The Government has again been accused of cheating over its climate change commitments; this time around forestry accounting rules.

The Morgan Foundation today released its third "Climate Cheats" report, Cook the Books, claiming that a proposed rule change being discussed would wipe the need to account for an estimated 79 million tonnes of excess greenhouse gas emissions - equating to nearly one year's worth of New Zealand's emissions.

The Ministry for the Environment this morning stated the rules hadn't been settled yet and couldn't comment on specifics.

The authors, who based their calculations on official data inputs and documents released to them under the Official Information Act, say the proposed change would set a "harmful precedent" that could undermine global climate change efforts.


They calculate that the Government's target to slash emissions by 11 per cent below 1990 levels - pledged for the UN climate change summit in Paris and ratified this month - should be upped to a 30 per cent reduction if the changes are brought in.

Under current carbon trading rules, as pine forests have grown, New Zealand has been able to gain credits for all the carbon stored, covering most of the gap between our emissions and our targets.

But the report authors point out that when the forests begin to be harvested from around 2020, New Zealand's so-called forestry "credit card" will be "maxed out" and the country will have to pay many of those credits back.

They say the proposed changes to forest accounting rules avoids the need to do so, as, under the new approach New Zealand would only receive credits for carbon stored in a new forest up until it reaches the long-term average carbon stock.

"For a pine plantation that would be after around 20 years," they say.

"If we applied this rule now, New Zealand would receive far fewer credits during the period up until 2020, but also wouldn't have to pay any back on harvesting."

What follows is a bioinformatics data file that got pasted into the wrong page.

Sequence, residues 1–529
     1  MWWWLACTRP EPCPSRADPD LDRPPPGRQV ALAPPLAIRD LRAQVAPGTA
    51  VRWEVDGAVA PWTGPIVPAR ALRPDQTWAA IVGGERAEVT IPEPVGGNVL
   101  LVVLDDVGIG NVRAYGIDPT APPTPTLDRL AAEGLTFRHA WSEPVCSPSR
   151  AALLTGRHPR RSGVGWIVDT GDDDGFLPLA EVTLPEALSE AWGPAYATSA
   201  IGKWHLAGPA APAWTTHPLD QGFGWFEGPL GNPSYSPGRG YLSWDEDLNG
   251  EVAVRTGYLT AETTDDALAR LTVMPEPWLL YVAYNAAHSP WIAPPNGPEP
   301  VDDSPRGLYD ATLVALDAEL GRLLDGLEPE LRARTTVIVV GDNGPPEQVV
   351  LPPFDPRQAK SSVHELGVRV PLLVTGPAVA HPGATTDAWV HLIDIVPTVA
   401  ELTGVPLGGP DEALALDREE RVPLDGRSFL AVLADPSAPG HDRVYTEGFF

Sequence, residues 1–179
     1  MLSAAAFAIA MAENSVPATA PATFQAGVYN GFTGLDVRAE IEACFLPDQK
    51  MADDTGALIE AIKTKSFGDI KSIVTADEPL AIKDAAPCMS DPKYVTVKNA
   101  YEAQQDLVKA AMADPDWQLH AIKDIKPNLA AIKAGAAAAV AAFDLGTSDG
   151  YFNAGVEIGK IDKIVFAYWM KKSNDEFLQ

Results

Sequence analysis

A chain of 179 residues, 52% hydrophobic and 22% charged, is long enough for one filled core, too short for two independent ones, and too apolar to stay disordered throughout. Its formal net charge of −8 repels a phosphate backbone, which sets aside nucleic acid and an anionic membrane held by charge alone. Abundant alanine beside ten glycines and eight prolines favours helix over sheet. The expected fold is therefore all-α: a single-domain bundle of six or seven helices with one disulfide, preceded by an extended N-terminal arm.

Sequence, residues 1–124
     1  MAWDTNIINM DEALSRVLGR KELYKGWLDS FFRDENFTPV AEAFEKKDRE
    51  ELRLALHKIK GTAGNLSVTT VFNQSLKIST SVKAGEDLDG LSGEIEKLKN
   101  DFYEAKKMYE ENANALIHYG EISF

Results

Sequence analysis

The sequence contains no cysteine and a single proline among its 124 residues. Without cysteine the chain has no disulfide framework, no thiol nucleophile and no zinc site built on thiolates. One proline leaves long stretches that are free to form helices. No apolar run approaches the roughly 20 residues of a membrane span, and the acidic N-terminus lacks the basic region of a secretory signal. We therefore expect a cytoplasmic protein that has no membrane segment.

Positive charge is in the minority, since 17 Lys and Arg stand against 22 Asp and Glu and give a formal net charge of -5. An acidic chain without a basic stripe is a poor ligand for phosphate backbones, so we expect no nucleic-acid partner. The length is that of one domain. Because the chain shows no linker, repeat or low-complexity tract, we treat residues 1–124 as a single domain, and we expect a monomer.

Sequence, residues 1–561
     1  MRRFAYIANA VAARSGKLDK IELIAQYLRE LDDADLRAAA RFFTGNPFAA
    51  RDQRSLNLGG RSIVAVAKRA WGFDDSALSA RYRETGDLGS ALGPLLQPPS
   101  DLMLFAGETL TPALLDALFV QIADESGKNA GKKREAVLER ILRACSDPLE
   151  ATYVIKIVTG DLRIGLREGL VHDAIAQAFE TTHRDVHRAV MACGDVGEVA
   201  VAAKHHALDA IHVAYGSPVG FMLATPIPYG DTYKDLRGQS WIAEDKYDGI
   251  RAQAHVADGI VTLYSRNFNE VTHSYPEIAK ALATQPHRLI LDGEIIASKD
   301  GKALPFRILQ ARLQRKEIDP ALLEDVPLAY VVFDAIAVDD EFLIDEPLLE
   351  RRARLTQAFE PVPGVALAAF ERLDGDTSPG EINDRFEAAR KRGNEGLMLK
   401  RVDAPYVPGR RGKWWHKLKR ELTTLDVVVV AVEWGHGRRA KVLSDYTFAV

Their main finding was that, up to 2020, New Zealand would claim 79 million credits - with a range of 65 to 90 million - from forests that were above their long-term average carbon stock.

"The excess emissions this allows equate to nearly one year's worth of New Zealand's gross emissions," they said.

"This approach will violate not only the forest accounting rules agreed under the Kyoto Protocol, but also the Paris Agreement's key principle of progression."

They concluded that, while there appeared to be some merit in the rule change, integrity required a corresponding increase in New Zealand's 2030 target of at least 25-30 per cent below 1990 levels.

Existing rules had bought New Zealand time to get its greenhouse gas emissions down, "but Government inaction has squandered that time", they said.

"Our emissions have continued to climb in excess of our targets and it will now take a huge effort to turn things around."

Labour climate change spokesperson Dr Megan Woods said it was "critical" the Government released all of the information so it could be seen whether the report's modelling was accurate.

"It is very worrying and very concerning if it is accurate, because this will be back-sliding on our 1990 level, when the world is about to commit to progression, more ambition and actually cutting emissions.

"This wouldn't be a problem if we'd kept up with planting, but we've maxed out the credit card without having made any of the payments that were required over the last eight years, in terms of replanting.

"This again just points to the need for an independent climate commission and carbon budgeting."

Climate Change Minister Paula Bennett was approached by the Herald for comment yesterday afternoon, but today a spokesperson from Bennett's office said questions had since been referred on to the Ministry for the Environment.

A ministry spokesperson said the ministry wouldn't be commenting on numbers or strategy as the rules hadn't been settled yet, but added New Zealand was committed to "ensuring that our approach to forestry has environmental integrity".

The ministry had taken a "broad approach" for how forestry would contribute to New Zealand's nationally determined contribution to the Paris agreement.

"While working on those details we are taking into account how the wider negotiations on forestry rules for the 2030s are playing out."

New Zealand and other countries would be negotiating the post-2030 forestry accounting rules and guidelines over the coming years.

"The Paris Agreement provides an opportunity for the global community to revisit the mechanisms for achieving emissions reductions to make them fairer, more workable and more transparent and robust than previously," the spokesperson said.

"New Zealand needs a plan for domestic action and the Government's announced three working groups to help with this."